Department of Statistics, Nnamdi Azikiwe University, Awka, Nigeria
Received Date: September 10, 2017; Accepted Date: September 25, 2017; Published Date: October 05, 2017
Citation: Oyeka ICA, Uzuke CA (2017) Estimating the Odds of Relapsing Event. J Bioengineer & Biomedical Sci 7: 237. doi: 10.4172/2155-9538.1000237
Copyright: © 2017 Oyeka ICA, et al. This is an open-access article distributed under the terms of the Creative Commons Attribution License, which permits unrestricted use, distribution, and reproduction in any medium, provided the original author and source are credited.
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Adopting the life table techniques this paper proposed and presents a statistical method for estimating probabilities and odds that a randomly selected subject or patient in a population is afflicted by spasm of a recurring or relapsing event or disease over a specified time period. Estimates of conditional probabilities that a randomly selected subject would experience and not experienced the relapsing event or illness at some time period given that the same patients has experienced and not experienced an attack by the relapsing event or illness at a previous time period are provided. Also provided are estimates of the number of patients expected to suffer or not to suffer the next attack of the relapsing illness within a specified time period no matter how spasmodic the attacks are. Similarly, provided are estimates of the number of subjects or patients expected to experience and not experience the relapsing event at a subsequent time period given that these same patients had early experienced and not experienced the same relapsing event or disease at a previous time period no matter short these time period. The proposed method is illustrated with some hypothetical data under the assumption that the relapsing event or disease has a known and given instantaneous attack rate in the population.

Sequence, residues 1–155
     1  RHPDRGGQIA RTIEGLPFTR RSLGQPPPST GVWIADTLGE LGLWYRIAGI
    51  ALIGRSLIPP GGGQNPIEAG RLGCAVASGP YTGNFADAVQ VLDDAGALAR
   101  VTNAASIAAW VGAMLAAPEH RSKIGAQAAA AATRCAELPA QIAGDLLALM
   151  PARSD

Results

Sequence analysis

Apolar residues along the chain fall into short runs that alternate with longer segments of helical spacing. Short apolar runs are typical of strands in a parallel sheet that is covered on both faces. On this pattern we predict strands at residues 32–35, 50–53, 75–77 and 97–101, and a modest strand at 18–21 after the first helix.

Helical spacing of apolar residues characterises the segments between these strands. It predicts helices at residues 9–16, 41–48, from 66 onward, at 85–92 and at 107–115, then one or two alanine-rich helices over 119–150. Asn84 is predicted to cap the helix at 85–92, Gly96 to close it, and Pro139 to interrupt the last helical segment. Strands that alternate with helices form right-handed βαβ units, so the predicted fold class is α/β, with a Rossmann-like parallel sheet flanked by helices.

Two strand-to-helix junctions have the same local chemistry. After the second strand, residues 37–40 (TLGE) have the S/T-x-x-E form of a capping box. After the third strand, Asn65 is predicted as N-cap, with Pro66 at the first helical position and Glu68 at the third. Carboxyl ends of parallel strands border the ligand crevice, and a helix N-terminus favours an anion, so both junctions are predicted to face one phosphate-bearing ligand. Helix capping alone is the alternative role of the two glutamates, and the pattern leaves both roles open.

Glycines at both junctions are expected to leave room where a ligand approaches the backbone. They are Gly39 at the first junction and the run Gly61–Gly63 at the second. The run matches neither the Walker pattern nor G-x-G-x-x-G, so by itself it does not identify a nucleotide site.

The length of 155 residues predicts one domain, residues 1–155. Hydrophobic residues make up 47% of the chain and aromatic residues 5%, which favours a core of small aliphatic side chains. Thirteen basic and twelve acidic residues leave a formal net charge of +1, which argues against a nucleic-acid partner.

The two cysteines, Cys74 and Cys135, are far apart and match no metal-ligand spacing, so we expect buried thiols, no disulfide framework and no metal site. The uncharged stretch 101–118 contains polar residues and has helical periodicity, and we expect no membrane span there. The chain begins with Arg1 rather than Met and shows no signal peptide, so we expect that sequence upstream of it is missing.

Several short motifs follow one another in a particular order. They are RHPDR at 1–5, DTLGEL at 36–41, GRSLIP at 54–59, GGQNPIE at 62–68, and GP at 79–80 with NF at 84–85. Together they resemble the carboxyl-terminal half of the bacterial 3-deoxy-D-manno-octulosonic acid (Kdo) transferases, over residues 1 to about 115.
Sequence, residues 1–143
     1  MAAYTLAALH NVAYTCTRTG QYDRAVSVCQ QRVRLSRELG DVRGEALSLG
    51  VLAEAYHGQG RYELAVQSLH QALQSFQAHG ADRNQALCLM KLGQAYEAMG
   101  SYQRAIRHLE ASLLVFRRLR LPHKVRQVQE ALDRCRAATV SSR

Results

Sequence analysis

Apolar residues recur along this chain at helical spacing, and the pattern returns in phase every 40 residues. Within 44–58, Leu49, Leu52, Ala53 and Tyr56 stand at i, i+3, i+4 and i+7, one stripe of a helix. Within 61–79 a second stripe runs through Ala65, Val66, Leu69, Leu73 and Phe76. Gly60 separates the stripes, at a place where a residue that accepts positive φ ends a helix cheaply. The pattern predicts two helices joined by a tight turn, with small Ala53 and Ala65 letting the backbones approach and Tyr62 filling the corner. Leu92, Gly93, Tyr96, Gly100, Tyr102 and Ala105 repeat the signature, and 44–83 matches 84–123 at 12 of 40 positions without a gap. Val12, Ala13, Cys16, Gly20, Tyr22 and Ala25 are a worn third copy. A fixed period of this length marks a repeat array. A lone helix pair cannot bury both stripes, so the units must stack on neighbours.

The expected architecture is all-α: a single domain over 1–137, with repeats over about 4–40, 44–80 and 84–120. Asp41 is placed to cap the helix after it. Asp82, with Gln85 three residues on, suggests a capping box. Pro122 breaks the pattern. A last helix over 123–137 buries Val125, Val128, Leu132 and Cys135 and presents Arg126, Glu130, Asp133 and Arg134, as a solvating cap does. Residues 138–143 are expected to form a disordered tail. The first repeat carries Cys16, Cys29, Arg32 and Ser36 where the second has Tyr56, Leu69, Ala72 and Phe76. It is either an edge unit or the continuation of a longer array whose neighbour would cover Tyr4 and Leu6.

Relapsing events; Odds ratio; Time period; Probability
The dynamic model of relapse assumes that relapse can take the form of sudden and unexpected returns to the target behaviour. This concurs not only with clinical observations, but also with contemporary learning models stipulating that recently modified behaviour is inherently unstable and easily swayed by the context [1,2]. Relapse poses a fundamental barrier to the treatment of addictive behaviours by representing the modal outcome of behaviour change efforts [3-6]. Definitions of relapse are varied, ranging from a dichotomous treatment outcome to an on-going, transitional process [7-9]. In clinical settings disengagement from treatment is common, even and perhaps particularly, in the early stages of illness. In recognition of the associated risks, improving medication adherence and relapse prevention have been emphasised as key components of the management of illness. The client’s appraisal of relapses also serves as a pivotal intervention point in that these reactions can determine whether a relapse escalates or desists [10,11].